Jerry Weinrich will speak on his dream job conducting a census of the eagle and osprey populations in the Northern Lower Peninsula. As a wildlife biologist for the Michigan Department of Natural Resources and Environment for 30 years, Jerry has the distinction of coordinating the longest-running, large scale census of eagles and ospreys anywhere in the country. He has produced amazing aerial views, not only of nests with fledglings inside, but birds in flight as well. The eagle population, Weinrich says, is on the rise — up from 30 nesting pair in the Lower Peninsula when he started to 407 now. There are about 120 pair of nesting osprey, he said. Currently, Beaver Island is the only Great Lakes Island with a pair of nesting Osprey.
Weinrich hopes those who attend will walk away from the program with an appreciation of how well the eagles are doing.

Saturday, May 27th from 4:30 - 5:30 p.m., the BIBT festivities will include Birding 101 presented by Darrell Lawson.

Interested in exploring skills helpful to beginning birders? Join Darrell Lawson, President of the Petoskey Audubon Club, for a beginning birding presentation at the Community Center. Darrell will cover field guide selection, optics selection, tips for learning bird songs, bird habitats, and identification pitfalls to avoid. Darrell is an avid birder who loves sharing his passion.

Sunday, May 28th at 1 p.m.-Penguins and Prions: Birds and Wildlife of the Seventh Continent presented by Cathy Theisen. The continent of Antarctica is a fascinating, uninhabited land of ice and snow. Not a single land mammal lives here, although it boasts a rich collection of both bird and marine mammal life. Join Dr. Cathy Theisen on the trip of a lifetime to the bottom of the globe, and learn about the fascinating animals and the adaptations that allow them to live here. Examine some of the effects of human disruption, and some of the greatest restoration successes of this fragile wilderness.

At 4:30 p.m.-Birding Peru; Penguins to Piping Guans with Brian Allen. In the Spring of 2010, Brian was invited to Peru on a trip sponsored by Kolibri Expeditions to explore the feasibility of doing ecotourism in the Satipo Valley in the east central region of the Andes Mountains. Brian says that this program will show some of the stunning scenery and some of the scariest roads for birding he has ever experienced! He will take us to some of the last retreats of the Black-spectacled Brush Finch, the endemic Pardusco, and the gorgeous Golden-backed and Yellow-scarfed Tanagers.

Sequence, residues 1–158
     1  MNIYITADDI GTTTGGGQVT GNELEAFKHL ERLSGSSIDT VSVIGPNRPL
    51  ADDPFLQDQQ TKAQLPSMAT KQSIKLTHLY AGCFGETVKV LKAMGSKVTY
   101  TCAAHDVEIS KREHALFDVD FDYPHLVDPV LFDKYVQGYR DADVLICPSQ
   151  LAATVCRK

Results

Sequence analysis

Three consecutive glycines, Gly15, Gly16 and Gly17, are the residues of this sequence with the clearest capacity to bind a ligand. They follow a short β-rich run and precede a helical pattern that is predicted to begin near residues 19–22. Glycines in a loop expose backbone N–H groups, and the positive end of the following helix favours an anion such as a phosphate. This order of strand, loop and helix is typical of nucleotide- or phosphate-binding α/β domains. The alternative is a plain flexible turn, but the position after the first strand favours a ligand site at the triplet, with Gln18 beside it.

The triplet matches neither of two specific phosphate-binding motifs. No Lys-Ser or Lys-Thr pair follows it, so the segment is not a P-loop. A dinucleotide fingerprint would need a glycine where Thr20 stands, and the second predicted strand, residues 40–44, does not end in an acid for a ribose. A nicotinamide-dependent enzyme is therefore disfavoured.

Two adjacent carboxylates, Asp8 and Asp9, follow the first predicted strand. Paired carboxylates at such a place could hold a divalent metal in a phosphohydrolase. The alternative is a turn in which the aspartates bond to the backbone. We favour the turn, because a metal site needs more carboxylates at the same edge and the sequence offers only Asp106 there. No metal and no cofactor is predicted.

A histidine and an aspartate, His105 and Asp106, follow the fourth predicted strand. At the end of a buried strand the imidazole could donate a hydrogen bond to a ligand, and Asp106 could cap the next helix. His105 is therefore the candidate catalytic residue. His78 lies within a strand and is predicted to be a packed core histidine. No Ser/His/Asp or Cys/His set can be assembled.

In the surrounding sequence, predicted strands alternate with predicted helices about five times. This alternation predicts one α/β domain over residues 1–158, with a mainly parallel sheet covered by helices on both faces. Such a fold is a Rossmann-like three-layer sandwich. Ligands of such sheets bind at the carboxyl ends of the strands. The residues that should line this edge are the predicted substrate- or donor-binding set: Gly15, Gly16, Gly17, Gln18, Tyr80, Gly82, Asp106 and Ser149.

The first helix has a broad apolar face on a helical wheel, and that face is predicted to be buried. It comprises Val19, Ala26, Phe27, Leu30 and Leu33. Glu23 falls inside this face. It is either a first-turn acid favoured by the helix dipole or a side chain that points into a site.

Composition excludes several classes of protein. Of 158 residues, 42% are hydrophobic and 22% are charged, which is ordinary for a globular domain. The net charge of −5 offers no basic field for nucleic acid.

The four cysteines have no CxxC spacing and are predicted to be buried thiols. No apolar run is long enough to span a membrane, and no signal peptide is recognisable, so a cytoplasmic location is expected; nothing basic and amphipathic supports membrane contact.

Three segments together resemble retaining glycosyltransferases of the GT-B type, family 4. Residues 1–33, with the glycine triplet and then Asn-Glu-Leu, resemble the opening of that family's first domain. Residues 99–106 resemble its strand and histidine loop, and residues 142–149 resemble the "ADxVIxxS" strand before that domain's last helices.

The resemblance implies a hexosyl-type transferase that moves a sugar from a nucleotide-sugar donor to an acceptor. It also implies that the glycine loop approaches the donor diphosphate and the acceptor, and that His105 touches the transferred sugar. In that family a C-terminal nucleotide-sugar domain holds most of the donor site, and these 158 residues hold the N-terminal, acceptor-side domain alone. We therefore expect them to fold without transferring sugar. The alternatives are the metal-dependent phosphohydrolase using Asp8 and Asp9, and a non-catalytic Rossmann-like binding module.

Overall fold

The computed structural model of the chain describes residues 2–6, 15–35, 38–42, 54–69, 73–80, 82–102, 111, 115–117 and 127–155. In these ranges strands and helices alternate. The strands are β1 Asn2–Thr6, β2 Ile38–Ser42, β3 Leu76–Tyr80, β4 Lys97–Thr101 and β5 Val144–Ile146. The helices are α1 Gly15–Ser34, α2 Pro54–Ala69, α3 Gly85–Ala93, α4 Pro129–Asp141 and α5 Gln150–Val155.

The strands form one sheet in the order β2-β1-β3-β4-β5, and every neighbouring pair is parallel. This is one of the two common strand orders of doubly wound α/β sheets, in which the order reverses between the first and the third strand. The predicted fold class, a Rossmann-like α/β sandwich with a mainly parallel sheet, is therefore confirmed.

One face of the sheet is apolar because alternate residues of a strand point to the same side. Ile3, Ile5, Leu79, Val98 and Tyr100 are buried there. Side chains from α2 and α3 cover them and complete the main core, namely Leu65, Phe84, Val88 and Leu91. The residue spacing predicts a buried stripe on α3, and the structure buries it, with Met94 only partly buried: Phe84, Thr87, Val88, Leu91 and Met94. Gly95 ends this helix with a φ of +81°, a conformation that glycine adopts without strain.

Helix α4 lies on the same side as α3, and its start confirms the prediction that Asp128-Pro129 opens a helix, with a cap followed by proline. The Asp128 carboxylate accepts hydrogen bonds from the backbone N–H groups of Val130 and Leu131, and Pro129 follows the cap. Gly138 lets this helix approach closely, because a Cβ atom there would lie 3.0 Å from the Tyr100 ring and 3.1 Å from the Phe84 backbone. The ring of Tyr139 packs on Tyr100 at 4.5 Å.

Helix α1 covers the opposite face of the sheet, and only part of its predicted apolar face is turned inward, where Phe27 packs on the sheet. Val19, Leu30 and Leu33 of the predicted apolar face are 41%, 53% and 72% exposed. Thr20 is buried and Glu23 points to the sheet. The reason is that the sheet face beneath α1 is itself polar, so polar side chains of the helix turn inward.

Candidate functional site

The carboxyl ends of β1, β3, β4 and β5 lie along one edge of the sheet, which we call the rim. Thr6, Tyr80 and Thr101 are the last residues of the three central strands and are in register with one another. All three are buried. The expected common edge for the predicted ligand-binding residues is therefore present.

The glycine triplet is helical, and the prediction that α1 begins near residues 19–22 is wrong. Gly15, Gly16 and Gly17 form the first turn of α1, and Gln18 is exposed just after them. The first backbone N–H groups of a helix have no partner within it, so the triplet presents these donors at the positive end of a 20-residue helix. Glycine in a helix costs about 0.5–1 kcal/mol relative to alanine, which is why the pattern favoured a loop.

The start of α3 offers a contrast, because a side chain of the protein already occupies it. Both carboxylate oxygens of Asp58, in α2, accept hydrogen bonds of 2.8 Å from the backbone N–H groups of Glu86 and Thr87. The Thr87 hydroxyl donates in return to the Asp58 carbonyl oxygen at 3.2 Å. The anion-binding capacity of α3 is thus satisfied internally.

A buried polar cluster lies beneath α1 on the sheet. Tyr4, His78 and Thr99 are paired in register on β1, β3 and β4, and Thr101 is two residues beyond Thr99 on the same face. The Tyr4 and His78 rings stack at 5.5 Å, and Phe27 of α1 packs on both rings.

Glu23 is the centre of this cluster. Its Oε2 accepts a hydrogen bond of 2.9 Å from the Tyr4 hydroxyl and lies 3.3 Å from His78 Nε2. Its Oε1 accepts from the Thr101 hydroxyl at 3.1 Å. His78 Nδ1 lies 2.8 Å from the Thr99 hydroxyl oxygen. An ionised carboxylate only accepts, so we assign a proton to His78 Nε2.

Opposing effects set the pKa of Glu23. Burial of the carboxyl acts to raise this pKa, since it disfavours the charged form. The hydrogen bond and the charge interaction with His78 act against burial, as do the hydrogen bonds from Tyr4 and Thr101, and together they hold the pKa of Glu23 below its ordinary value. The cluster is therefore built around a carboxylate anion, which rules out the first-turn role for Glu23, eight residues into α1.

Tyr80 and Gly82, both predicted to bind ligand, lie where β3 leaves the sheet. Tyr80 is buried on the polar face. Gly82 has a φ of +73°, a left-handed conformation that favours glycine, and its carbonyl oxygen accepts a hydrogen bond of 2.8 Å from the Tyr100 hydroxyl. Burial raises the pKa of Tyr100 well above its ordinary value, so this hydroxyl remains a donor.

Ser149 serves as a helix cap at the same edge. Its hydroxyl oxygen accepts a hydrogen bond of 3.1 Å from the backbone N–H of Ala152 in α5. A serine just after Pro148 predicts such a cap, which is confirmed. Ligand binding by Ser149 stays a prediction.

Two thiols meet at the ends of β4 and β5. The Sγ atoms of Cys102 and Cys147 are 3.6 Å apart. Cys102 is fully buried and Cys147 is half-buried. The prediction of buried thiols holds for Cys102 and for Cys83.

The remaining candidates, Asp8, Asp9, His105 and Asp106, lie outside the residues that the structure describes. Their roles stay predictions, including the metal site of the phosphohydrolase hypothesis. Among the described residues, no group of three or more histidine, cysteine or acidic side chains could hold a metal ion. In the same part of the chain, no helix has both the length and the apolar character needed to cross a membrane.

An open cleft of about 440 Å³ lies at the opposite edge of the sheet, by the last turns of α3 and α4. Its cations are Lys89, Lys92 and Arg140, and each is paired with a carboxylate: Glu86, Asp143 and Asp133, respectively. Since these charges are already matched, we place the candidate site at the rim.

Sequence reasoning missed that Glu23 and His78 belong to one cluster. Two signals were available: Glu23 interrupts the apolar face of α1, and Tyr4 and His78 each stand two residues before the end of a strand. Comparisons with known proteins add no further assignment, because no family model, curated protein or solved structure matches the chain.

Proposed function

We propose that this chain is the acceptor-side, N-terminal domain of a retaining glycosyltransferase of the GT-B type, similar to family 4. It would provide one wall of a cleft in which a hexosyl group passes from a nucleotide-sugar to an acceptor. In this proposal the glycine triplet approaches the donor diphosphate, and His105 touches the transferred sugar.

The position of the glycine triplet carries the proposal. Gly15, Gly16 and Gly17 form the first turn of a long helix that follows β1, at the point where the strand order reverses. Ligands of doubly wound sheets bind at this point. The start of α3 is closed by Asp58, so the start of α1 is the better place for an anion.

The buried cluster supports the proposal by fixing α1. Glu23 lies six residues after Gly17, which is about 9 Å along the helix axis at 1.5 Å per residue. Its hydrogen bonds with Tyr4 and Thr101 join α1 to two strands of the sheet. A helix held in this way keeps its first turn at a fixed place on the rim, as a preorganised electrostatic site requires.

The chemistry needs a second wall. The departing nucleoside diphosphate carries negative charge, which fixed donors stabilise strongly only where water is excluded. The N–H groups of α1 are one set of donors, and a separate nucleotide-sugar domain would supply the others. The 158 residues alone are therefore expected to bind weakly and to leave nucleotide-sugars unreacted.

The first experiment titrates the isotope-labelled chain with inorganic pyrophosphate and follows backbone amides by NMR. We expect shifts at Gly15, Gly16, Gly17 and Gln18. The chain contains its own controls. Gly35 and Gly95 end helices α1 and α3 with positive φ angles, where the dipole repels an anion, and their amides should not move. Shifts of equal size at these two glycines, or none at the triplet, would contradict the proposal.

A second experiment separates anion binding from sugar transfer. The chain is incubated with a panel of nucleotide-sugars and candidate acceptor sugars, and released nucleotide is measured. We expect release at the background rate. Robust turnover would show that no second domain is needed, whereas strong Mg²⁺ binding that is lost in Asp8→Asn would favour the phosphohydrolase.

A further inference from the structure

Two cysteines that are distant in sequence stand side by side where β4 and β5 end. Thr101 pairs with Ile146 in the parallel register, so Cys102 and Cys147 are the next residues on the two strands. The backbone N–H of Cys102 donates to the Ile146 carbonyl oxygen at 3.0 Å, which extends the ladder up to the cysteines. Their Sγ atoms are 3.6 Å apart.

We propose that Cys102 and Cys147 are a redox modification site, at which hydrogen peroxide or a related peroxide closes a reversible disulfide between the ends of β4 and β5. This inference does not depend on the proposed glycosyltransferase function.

More information on the speakers and events can be found on http://www.beaverislandbirdingtrail.org

Bumble Bee Watch Assistance

(Sent to BINN by Bob Tidmore)


The US Fish and Wildlife Service contacted Beaver Island with a request to be on the look out for a rusty-patched bumble bee which is listed as an endangered species.  It was last seen in Michigan in 2006. Where the species remains elsewhere is often in natural areas within an urban/suburban settings--essentially natural habitat islands, isolated from other natural areas. Disease is one suspect for the decline of the species, so perhaps isolation whether man-made or natural might be important.  Great Lakes islands may be the last refuge to find a rusty-patched bumble bee thus the agency is asking for your observations.  Below is a bumble bee watch program for those who are interested to help find rare bumble bees in Michigan. 

Website –http://www.bumblebeewatch.org

The Beaver Island Archipelago is known by state and federal agencies for its high quality natural areas hosting threatened and endangered species. These islands support an unusual number of plants and animals under state and/or federal protection for their size.   Piping Plover, Hines emerald dragonfly, Michigan monkey-flower, Dwarf Lake iris, Pitcher's thistle, Houghton's goldenrod, Lake Huron tansy, various orchids and grasses are enjoyed by many residents, biologists, and visitors.   

There is one record already on the bumble bee watch site for Beaver Island for a Tri-colored bumble bee. It would be great to have more eyes looking for bumble bees and sending photos into the web site.  Perhaps, your observation will add another unique species to the island's list?

What Did You Say 15

By Joe Moore


(It is important to note that some of the circumstances of these emergency stories are completely fictional.  It is important to make certain that patient privacy is protected, so that no one will know which are fictional and which are based upon actual happenings here on the island.  While most are a combination of fiction and factual circumstances, patient privacy has been purposefully protected in all the stories.  Without participating in these exact emergencies, you will never know fact from fiction.)


As I sit here in my chair on a early evening in the winter, I start thinking about the snow that we got last night, about five inches, and the snow that is forecast for tonight after bedtime.  In the next twenty-four hours, we could get six more inches of snow.  We don’t usually get lake effect snow, so this snow from yesterday and for tonight would be from ‘clippers,’ snowstorms that sweep across the countryside and dump the moisture as snow when the temperatures are below freezing, and as rain when the temperatures go above freezing.  Rain on top of snow and then freezing temperatures spell dangerous conditions for all the population, buildings that don’t have excellent ability to support the weight of the wet snow, and older people in particular.

Resd the rest of the story HERE